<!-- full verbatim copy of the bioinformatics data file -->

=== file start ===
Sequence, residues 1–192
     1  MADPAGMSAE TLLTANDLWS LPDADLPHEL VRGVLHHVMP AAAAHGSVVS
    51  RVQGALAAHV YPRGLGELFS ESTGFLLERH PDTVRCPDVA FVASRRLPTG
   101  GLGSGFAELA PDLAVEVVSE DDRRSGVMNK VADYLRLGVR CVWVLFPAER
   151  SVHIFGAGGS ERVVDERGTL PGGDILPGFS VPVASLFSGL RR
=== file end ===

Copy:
Sequence, residues 1–192
     1  MADPAGMSAE TLLTANDLWS LPDADLPHEL VRGVLHHVMP AAAAHGSVVS
    51  RVQGALAAHV YPRGLGELFS ESTGFLLERH PDTVRCPDVA FVASRRLPTG
   101  GLGSGFAELA PDLAVEVVSE DDRRSGVMNK VADYLRLGVR CVWVLFPAER
   151  SVHIFGAGGS ERVVDERGTL PGGDILPGFS VPVASLFSGL RR